How Cloud-hosted Solutions and Infrastructures Plan to Deal with CCPA?
Lex Boost, CEO, Leaseweb USA spoke to us on how the California Consumer Privacy Act (CCPA) is set to become the gold standard in privacy, data protection, and consumer protection rights in California, and maybe even the United States.
Lex said, “It (CCPA) will be the first of its kind in privacy regulation within the US, similar to what the GDPR is to the European Union. The act allows consumers to have greater control over their data, now that data companies must comply with these new regulations. The implementation of the CCPA establishes a trend in governments evaluating and seriously considering better legislation for protecting data. It is important that all companies are committed to ensuring that personal data and privacy remain protected and used in accordance with the CCPA.
From a cloud hosting perspective, striving to meet new compliance and privacy regulations is challenging when managing cloud infrastructures. In order to ensure you are in compliance with increasingly stringent data protection legislation, it is important that you utilize a team of professionals who can provide guidance on managing data to stay within the law. Hosting providers that have experience with GDPR and have done their due diligence around CCPA will be essential as organizations seek out the in-depth knowledge that will allow them to maximize their data usage while taking the important steps to remain compliant.”
CCPA Must Be Flexible and Evolve Over Time, Too
Sam Humphries, Senior product marketing manager, Exabeam said,
“Now that we’re officially in 2020, and the California Consumer Privacy Act (CCPA) law is in effect, it’s a good time to recall the lessons that earlier privacy regulations, like the EU’s GDPR, previously imparted. In all of its good intentions, it is still early days for the GDPR. Therefore, it has not yet been a silver bullet in safeguarding consumer privacy. Possibly the most salient point is that as a security issue, consumer privacy will continue to evolve. Because of this, newer laws and regulations, like CCPA, must be flexible and evolve over time, too. We already see this happening in the UK, with the ePrivacy Regulation, which aims to put specific responsibilities around provisions that the GDPR treated more generally.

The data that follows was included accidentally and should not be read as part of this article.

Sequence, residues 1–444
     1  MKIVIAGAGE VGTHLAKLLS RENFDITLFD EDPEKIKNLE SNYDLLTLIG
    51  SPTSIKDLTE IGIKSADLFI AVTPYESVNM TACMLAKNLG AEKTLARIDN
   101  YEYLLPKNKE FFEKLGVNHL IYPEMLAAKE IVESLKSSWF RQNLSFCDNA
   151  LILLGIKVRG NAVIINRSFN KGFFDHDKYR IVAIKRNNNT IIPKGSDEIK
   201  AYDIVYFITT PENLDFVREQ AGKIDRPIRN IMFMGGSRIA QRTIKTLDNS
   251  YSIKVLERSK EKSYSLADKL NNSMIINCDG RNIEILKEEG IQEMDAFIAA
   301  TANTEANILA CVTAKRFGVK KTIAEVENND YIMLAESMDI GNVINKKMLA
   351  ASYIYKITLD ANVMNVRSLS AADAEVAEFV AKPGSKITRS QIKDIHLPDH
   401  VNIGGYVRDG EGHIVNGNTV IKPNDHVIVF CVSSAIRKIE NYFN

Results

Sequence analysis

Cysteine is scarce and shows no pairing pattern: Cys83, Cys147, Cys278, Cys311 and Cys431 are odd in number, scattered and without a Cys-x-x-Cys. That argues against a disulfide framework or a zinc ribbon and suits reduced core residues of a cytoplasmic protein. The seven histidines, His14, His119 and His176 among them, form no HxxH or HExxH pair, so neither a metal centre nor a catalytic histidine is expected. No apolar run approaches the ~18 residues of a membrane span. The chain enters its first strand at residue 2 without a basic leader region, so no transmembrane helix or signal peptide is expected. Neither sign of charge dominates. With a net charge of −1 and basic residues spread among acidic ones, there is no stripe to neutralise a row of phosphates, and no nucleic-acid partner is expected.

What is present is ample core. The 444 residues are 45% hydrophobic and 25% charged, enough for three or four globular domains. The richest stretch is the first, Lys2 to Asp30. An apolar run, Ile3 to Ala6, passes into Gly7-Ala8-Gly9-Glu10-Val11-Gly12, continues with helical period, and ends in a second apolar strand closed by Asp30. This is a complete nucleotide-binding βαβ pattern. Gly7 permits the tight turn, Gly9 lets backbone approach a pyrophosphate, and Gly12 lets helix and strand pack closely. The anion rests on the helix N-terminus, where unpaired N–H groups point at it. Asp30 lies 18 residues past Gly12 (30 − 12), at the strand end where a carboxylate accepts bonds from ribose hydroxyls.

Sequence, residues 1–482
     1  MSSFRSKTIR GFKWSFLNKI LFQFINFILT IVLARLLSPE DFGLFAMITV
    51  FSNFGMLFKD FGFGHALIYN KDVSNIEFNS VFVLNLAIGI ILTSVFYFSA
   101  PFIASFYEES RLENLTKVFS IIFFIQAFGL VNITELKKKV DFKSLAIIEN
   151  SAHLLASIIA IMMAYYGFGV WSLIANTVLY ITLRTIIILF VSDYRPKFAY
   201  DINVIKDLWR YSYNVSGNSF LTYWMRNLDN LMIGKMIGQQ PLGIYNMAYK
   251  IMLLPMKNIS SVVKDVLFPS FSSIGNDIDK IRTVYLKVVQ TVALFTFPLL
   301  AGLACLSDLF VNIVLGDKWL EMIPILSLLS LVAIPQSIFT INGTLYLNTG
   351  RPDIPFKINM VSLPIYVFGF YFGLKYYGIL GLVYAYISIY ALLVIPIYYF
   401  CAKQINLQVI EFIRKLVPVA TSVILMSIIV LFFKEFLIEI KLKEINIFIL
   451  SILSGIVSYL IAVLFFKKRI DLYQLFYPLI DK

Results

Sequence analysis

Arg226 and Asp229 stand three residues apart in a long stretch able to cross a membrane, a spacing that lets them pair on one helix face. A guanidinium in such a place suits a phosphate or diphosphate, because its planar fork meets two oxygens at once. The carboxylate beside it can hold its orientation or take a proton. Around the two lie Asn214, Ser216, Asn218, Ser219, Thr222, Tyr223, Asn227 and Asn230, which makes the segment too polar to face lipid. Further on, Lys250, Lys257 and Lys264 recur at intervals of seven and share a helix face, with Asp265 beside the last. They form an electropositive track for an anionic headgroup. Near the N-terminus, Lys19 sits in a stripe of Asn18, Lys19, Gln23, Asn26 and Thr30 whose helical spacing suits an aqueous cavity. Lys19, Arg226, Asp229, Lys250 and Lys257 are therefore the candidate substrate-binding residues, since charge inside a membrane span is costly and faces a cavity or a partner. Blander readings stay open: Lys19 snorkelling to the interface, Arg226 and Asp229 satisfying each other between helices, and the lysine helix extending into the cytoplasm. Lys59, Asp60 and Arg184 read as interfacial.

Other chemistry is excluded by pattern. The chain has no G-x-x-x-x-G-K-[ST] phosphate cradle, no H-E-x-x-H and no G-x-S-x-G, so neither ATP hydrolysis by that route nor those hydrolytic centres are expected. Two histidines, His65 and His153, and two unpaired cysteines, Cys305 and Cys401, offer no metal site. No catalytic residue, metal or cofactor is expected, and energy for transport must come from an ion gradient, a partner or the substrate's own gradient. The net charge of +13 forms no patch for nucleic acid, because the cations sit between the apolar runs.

Regardless of how much CCPA is intended to protect consumers, it remains to be seen how tolerant they will be at dealing once again with the extra ‘clicks’ and notifications that come with consent-based security measures.”
Storage Solutions Must Meet Data Protection Laws
Mihir Shah, CEO of StorCentric, the parent company of Nexsan, says–
“Data and its security are incredibly valuable to any and all organizations, and now even more so with the California Consumer Privacy Act (CCPA). For the best strategy to become compliant with this new regulation, a key feature of a storage solution should be data protection. Not all storage systems will protect data from integrity issues or silent data corruption. Not to mention, insufficient storage systems lack the ability to complete real-time audits for integrity checks.”
“With CCPA being in full effect, it is critical to ensure that an organization’s system will never overwrite an original file, and will keep the original intact so that nothing, including malware, can alter that data. For all organizations feeling the effects of the CCPA, seeking out storage systems that offer unmatched visibility into user activity via comprehensive audit trails, data retention, data destruction policies and more, is undoubtedly a critical change that needs to be undertaken sooner rather than later.”
Data Simplicity and Ease-Of-Use Are the Main Focus in 2020
Alan Conboy, Office of the CTO, Scale Computing said,
“Following the implementation of GDPR, the California Consumer Privacy Act (CCPA) is the newest regulation expected to help organizations manage and maintain data compliance, ensuring personal information is kept safe, and not shared or sold to other organizations. With technology innovation growing and expanding at a rapid pace, one way IT professionals are able to abide by the CCPA is by designing solutions with data protection in mind. With the CCPA now officially in effect, organizations should look to set in place an IT infrastructure that is stable and secure, with data simplicity and ease-of-use as the main focus.”
Ian James, founder and CEO, Silverbullet, comments: “With data misuse hitting the national headlines regularly, consumers are now acutely aware of just how valuable their data is, and have woken up to the fact it’s being used on an industrial scale. What started with the Cambridge Analytica scandal has snowballed through GDPR, high profile breaches and documentaries like ‘The Great Hack.’ Today, you’d be hard-pushed to find a consumer that didn’t have some awareness of their data and opinion on how it should be used.
It’s vital that marketers continue to respond to this.
Almost two years on from GDPR and months after the ICO released a clear warning to businesses operating in the AdTech space, there should be established skills in-house to manage data compliantly and tap into all of its potential. Especially as we enter 2020, where there will be more regulations implemented and a crackdown on third-party cookies.”